I’ve been pondering the flood of responses to the recent dispute between Peter Gelb, General Manager of the Metropolitan Opera, and the union representing the musicians at the Met.
There are many insightful discussions on Facebook, blogs, newspapers & journalistic media as well as heavy-handed PR campaigns on both sides. I’ve been attempting to gather my (conflicting) thoughts on the matter.
I was reminded of a conversation I had with a man who worked in accounting for the Radio City Christmas Spectacular. This particular person was explaining the intricacies of the job, specifically the way to be successful and eventually move up the ladder in the organization (Madison Square Garden is the parent company of the Christmas show, owned by Jim Dolan). He was an eager MBA student, and was preaching the gospel of cutting labor costs. This argument typically makes me cringe and loathe its respective supporter. He said that “labor” accounts for %40 of the total operating budget, and if they could just cut the labor costs by, oh, half, that the organization would thrive and have a surplus for bonuses and other non necessary expenditures. And, he would look good to his superiors in the process.
My response to him was ” By ‘labor’, do you mean people? “.
He said …… yes…..
“So, the people who make the show happen, the artists, crew, the Rockettes, account for %40 of the total operating budget of ‘Madison Square Garden enterprises’ ? ”
Reticence, uncertainty, and a general cloud of confusion entered our conversation. It seems I stumped him. “Well, no, but the budget for the Christmas show is, well, you know, it’s huge, and it’s …….”
We we’re interrupted, and the topic changed. I left with a sense of fascination at the idea that “Labor” isn’t considered “Human” in business speak.
From an administrative perspective, there are some distinct advantages to calling humans “labor”. It lessens the psychological guilt of cost cutting initiatives that affect people’s lives, for one. It also streamlines the way an organization can cut costs when the need arises; it’s natural – and encouraged – business practice to consolidate and analyze streams of expenditures, making cuts to the largest section of an organization to ensure its growth.
I believe that this can be necessary and helpful. Kind of like pruning an overgrown plant – it needs to be cut in order to grow better and more fully next season. And sometimes, you have a bad branch that is eating up the health of the entire plant. In a theoretical, non human world, this makes great sense.
But music non-profits are not purely capitalistic entities. I think we wade into dangerous waters when we apply free market, capitalistic principles to artistic organizations that depend on the quality of their “labor” to survive and thrive.
Pruning may not be the answer here.
However, some type of cut on the part of the music makers could be accepted as a good faith gesture – albeit a sacrifice – for the overall growth and blossoming for future seasons. That gesture would be wonderfully human; sacrificing for the good of the whole is one of the noblest choices we can make as human beings.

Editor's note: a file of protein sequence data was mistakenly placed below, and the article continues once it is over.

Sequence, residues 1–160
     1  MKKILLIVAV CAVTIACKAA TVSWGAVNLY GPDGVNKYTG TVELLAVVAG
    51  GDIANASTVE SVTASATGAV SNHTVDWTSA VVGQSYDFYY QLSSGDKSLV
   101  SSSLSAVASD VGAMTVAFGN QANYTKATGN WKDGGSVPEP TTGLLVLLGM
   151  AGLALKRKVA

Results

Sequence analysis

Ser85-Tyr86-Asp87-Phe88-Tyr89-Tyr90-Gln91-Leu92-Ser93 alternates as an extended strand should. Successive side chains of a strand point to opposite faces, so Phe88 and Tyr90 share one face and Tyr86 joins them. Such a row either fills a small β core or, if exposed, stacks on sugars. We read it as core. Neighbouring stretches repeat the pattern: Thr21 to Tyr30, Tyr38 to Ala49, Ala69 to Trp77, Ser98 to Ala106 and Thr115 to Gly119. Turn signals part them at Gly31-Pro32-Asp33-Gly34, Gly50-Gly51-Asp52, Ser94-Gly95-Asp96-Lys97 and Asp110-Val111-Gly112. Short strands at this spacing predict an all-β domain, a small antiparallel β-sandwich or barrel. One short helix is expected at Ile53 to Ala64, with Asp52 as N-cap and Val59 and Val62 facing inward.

Like all cuts, balance can and should prevail in order to ensure healthy future growth. And cuts can come from many different sides in an organization like the Metropolitan Opera. For instance:
1) less extravagant and superfluous production values – People want an experience based on what they hear, not what they see. Opera is a sound world, not just a visual world.
2) less wasteful marketing expenses -it’s really not having an impact, sorry Mr. Gelb. No one in my generation knows what you’re trying to accomplish with your branding here…. or how your marketing sets the Met apart from anything else in society. There’s only one Hollywood.
3) lower administrative salaries – which has already happened a few times, a good faith gesture on the part of administration.
4) Mr. Gelb could even take a deeper pay cut – perhaps he could sacrifice enough to cut his salary to an even million….. as a good faith gesture….
Any cut that significantly affects “labor” (in this case human beings who are remarkably talented and are some of the best in their field) should be approached with extreme care or should not be taken at all. You risk lowering the quality of your labor (the musicians and singers find better jobs elsewhere and turn down the Met) and subsequently the quality of the product ( discerning listeners are already going elsewhere for great opera, which undermines the argument that there’s a lack of popular interest in seeing opera at the Met- it might be that people aren’t moved by what they’re hearing and feeling at a Met performance).
*And as a side note, I highly resent the argument of overpaid musicians with indulgent salaries. Last time I checked, an industry wide ceiling of $200,000 annual income is significantly lower than other specialized competitive labor sectors. But that’s a topic for another day, with it’s own thorns attached….*
In light of recent global conflicts – Ukraine and the Malaysian airlines plane crash, bitter, acrimonious violence in Palestine, and all hateful, stubborn fighting we are seeing in the world today – some good faith gestures would go a long way. Maybe we can all make “labor” human again.